Second, China’s consumers tend to consume based less on their income than on their desire for face and fulfillment. Purchases of automobiles (which are 12 to 14 times more expensive in China than in the US based on income and price differences), high-end mobile phones, and houses are far out of line with the incomes of those buying them. Parents and even grandparents will often kick in their own savings to help a young man make a downpayment on a house; newly-graduated urban workers will spend up to three months of their income on a mobile phone or a laptop; and the more entrepreneurial will take up a side business off the books or even engage in illicit activity to allow them to have the things they desire.
Classifying China’s consumers by income is, at best, an economics exercise. Classifying them by their values and priorities is far more relevant to businesses, and is a far better indicator of the degree to which you have a market – or not – in China.
The OTA that recorded the strongest performance in 2015 was Ctrip, which grew by an impressive estimated 58%, to reach gross bookings of $27 billion, driven by the booming Chinese domestic and outbound travel markets. Ctrip is today the third global OTA player, and is forecast to be able to challenge Expedia Inc and The Priceline Group for global leadership by 2019.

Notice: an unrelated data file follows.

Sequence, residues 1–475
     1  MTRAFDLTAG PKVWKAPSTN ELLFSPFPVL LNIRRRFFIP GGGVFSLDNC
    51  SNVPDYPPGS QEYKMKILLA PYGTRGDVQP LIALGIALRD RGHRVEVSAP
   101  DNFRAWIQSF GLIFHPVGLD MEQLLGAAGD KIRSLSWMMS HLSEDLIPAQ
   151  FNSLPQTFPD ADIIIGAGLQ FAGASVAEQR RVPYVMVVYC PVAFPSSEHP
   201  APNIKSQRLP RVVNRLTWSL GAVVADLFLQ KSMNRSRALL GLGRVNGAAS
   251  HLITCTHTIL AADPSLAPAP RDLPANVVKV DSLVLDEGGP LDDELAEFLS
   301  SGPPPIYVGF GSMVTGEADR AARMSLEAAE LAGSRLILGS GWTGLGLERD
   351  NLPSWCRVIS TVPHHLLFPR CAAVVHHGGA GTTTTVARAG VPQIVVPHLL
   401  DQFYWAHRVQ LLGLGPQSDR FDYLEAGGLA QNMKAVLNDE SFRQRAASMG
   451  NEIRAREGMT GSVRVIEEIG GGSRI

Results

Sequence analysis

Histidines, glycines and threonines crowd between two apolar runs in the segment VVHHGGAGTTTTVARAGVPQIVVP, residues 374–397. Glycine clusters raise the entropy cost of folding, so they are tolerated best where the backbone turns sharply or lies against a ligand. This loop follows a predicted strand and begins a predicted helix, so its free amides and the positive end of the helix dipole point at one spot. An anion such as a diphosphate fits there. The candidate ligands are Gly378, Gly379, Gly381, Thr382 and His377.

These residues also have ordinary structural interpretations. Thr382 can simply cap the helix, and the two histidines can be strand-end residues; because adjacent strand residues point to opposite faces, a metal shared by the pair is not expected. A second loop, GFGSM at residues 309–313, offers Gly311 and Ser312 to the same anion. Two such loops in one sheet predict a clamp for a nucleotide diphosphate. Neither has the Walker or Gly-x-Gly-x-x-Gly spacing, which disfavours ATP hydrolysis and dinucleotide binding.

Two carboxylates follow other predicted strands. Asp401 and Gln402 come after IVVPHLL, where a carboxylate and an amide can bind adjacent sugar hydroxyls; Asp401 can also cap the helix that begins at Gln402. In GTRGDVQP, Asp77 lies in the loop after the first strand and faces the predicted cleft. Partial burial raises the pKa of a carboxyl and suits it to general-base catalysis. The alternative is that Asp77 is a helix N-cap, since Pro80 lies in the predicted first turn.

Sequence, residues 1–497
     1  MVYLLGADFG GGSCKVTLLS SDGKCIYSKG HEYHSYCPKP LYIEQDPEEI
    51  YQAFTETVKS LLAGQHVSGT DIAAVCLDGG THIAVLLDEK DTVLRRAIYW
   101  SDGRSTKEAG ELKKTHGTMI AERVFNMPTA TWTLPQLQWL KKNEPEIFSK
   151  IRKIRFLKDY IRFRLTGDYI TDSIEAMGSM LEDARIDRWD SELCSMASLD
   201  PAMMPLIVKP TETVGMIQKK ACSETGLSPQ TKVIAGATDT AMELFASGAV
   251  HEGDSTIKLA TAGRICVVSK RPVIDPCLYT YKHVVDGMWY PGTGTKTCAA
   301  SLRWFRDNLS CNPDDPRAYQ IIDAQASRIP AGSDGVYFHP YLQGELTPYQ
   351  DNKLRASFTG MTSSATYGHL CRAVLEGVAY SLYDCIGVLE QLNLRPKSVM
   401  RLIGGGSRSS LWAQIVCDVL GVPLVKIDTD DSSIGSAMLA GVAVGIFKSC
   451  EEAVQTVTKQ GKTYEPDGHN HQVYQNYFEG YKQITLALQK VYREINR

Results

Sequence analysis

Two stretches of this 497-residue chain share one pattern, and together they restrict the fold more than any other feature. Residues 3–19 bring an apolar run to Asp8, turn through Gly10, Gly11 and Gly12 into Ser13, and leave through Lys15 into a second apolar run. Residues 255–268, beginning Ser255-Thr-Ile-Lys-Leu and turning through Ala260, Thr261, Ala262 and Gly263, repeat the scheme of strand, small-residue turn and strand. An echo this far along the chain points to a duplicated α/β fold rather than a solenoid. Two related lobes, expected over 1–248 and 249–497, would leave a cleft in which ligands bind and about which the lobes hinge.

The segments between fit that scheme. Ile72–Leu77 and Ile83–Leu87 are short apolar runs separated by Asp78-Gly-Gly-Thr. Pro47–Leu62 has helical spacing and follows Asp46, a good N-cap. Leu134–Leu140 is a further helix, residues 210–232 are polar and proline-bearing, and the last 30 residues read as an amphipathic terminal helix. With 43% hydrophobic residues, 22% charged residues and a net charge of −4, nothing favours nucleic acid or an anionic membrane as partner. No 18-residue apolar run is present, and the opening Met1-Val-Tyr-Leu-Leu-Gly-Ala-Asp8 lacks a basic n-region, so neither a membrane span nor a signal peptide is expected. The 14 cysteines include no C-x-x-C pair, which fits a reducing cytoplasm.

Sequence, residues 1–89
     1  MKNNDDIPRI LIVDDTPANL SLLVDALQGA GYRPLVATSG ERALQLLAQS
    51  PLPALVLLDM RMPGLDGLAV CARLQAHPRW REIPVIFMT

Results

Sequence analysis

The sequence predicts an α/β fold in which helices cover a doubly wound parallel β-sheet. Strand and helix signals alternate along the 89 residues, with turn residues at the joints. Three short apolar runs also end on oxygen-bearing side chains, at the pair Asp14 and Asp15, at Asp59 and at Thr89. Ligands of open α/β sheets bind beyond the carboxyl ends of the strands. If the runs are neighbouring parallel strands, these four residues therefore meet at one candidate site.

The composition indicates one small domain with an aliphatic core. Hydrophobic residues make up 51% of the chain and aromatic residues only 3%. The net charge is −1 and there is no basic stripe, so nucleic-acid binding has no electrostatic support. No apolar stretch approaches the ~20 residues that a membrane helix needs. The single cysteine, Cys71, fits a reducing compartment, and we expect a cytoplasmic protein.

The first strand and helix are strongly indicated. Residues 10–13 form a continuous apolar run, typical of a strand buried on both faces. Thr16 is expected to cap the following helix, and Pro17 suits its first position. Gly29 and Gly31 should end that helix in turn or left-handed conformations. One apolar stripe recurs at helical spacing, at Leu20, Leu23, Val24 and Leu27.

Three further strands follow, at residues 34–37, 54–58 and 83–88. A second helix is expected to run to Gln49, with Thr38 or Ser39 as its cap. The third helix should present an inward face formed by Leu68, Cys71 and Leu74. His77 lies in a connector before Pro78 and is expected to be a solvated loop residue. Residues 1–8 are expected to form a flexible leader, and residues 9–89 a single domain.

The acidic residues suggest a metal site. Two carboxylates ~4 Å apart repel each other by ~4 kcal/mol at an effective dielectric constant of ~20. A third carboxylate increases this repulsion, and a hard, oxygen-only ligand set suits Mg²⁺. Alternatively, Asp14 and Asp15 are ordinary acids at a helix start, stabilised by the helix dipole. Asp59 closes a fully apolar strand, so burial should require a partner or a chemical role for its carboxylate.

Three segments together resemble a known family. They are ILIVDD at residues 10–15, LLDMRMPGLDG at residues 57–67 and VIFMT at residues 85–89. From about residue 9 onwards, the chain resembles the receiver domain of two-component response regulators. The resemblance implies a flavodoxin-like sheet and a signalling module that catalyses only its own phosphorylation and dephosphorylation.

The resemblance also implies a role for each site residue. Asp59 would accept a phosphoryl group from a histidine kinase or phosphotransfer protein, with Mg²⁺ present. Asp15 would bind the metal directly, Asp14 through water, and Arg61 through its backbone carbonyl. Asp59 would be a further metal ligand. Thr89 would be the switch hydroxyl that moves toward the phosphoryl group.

Ctrip has, it seems, now officially (and to us in China, somewhat belatedly) joined the ranks of the world’s largest online travel agencies.
In fairness, the company offers the most comprehensive travel agency service in China, and has worked hard to fend off challengers for the past 15 years, either crushing them with size or, when all else fails, buying them out or co-opting them.
Now China’s leader must master three new challenges that come along with its newfound status:
Build a Better Outbound Service. First, the Chinese challenger must figure out how to match the listings and relationships that Expedia and Priceline have built around the world outside of China. Offering a handful of cheap alternatives in major cities is not going to keep hold of China’s 125 million outbound travelers, in particular as many of those who can speak English are already skipping Ctrip for international journeys and going right to Expedia and Priceline.
Defend against tougher local competition at home. Second, it must fight a growing number of challengers at home, both hungry local players all seeking to grab part of the market; platforms like Airbnb and its local imitators that are increasingly offering shared alternatives to traditional travel; and Expedia and Priceline as they bring their challenge into Ctrip’s home market.
Break out of China. Finally, at some point Ctrip must figure out how to evolve beyond the core Chinese market. Massive the travel base in the PRC may be, but the world beckons, and continued growth will eventually depend on deft expansion abroad.